Oz can't be nice at Perth

Updated: 25 January 2008 13:21 IST

Australia aren't invincible anymore but a lot of people believe that they aren't exactly misbehaved any more either.

Oz can't be nice at Perth

Perth:

Australia aren't invincible anymore but a lot of people believe that they aren't exactly misbehaved any more either. Is there a link between the 'win at all cost attitude' of the Australians and their ability to rule the world of cricket.

Australians have often been called as the bad boys of international cricket. They also just happen to be the best.

The Australians have been consistently at the top of the rankings in Tests and one dayers, but they also hold the number one tag for being the most aggressive, rude, and intimidating opponents.

However, after the fall out of the Sydney Test and accusations that Ricky Ponting's men was behaving like a pack of wild dogs, a different side emerged in Perth. The match in fact, began the way a match should end with 72 hand-shakes, and one pat on the back to show that Harbhajan may have already been forgiven.

What happened over the next four days is history, Australia outplayed in every department of the game and that too in conditions that suited them.

That was reason enough for the Australian media to point fingers at their team again a flip-flop of a journalistic sort.

This is what cricket writer Mike Colman wrote in the Courier Mail: "In the space of a week the Australians got civilized. So instead of a confident, arrogant, winning team, we get a nice, civilised one. Maybe a losing one."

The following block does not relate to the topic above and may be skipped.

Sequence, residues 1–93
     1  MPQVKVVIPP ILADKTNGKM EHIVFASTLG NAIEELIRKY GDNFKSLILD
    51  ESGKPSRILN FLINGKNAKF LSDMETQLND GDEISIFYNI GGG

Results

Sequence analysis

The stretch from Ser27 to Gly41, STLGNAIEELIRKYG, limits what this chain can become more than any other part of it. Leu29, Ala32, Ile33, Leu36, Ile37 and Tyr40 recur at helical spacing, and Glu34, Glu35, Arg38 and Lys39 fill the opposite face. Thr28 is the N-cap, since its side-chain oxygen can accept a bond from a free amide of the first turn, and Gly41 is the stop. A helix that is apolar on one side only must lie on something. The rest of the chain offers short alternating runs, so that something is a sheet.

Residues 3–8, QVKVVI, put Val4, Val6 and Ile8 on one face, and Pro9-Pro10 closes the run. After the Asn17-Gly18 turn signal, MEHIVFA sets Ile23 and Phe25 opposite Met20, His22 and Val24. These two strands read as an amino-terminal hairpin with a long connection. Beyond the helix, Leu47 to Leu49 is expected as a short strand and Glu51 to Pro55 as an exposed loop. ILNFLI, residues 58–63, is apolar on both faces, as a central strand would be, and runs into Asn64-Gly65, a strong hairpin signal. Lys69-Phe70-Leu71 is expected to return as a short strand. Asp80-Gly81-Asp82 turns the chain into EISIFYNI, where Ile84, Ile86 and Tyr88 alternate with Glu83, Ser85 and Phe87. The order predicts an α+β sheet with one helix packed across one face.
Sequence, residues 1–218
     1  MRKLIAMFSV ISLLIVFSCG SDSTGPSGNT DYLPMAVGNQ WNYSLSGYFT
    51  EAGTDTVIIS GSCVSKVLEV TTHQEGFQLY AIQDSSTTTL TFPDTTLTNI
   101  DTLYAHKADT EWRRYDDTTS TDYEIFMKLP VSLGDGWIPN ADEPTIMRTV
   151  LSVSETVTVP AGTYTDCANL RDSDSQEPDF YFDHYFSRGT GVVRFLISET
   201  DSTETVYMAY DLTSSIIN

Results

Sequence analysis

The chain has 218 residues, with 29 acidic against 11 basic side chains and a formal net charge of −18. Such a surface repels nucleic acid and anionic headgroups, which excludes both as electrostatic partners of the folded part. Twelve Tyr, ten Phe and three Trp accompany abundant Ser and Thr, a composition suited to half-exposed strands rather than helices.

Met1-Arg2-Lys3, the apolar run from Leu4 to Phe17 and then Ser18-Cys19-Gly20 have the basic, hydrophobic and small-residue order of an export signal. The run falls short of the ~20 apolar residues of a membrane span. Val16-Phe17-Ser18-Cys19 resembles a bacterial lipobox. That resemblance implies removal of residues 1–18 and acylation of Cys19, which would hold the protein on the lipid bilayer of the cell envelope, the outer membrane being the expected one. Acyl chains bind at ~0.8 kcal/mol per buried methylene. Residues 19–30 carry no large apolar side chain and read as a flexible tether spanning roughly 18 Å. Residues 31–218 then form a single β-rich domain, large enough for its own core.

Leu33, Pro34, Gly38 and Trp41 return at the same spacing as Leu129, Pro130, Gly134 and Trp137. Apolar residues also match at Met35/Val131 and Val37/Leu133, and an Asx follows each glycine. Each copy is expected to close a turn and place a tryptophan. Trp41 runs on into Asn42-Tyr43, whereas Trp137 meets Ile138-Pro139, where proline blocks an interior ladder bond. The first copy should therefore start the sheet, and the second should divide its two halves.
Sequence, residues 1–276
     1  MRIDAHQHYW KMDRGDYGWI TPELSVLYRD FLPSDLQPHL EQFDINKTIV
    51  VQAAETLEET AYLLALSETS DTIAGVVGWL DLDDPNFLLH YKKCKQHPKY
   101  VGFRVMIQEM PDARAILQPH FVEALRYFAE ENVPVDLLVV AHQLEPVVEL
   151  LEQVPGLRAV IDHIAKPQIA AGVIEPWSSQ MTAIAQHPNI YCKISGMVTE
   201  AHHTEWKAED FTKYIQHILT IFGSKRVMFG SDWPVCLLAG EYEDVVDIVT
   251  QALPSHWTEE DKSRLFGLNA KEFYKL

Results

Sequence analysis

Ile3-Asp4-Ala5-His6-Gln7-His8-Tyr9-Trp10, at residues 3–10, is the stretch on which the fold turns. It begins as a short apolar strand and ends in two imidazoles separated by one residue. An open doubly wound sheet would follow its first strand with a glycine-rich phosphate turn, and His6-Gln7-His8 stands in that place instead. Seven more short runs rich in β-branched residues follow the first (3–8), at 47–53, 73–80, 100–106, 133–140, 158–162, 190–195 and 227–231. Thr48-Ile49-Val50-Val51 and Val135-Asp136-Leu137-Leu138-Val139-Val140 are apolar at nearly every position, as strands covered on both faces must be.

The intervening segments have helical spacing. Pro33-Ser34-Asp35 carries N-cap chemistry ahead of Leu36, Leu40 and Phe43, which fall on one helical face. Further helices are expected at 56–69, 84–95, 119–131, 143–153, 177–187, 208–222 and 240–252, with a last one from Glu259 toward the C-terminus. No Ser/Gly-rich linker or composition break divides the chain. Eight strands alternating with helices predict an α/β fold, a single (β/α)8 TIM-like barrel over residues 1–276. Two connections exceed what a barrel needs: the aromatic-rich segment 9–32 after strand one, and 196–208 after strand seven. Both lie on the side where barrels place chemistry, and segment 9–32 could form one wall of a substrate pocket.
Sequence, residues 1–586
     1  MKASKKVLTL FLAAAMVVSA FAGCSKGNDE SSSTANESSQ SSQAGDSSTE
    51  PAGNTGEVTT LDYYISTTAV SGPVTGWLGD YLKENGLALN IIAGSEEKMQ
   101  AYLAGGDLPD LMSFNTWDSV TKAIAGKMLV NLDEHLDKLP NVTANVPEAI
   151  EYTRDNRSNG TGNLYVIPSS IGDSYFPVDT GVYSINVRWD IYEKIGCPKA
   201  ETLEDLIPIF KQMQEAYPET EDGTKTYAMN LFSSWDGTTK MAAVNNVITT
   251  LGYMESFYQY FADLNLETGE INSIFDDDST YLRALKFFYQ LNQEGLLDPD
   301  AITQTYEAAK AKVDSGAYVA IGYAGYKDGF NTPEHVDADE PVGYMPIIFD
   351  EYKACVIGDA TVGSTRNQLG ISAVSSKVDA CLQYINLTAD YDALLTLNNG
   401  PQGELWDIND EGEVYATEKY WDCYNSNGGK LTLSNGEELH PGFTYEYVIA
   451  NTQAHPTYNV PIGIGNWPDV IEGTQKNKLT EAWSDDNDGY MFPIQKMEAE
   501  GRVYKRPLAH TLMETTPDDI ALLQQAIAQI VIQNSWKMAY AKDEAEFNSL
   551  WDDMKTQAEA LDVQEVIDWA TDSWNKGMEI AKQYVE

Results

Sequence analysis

In that lost Test at Perth, the Aussies were visibly more polite, whether it was appealing or talking to their opponents or even congratulating them for a milestone.

Could it all be because they were too nice and behaving contrary to their nature? Some experts seem to think so.

"How will a hen lay an egg, if it can't cackle? asked Navjot Singh Sidhu, 51 Tests and 136 ODIs for India.

So maybe Australia need to find the right mix of aggression and mental disintegration for the time being though players like Mike Hussey who have tasted their first Test defeat are unwilling to give compliments too easily.

The Australians might have come in for criticism for having become too soft versus the Indians, but here's hoping that they don't forget the giant leap that cricket and cricketing spirit has made in the Perth Test.

Topics : Cricket Australia
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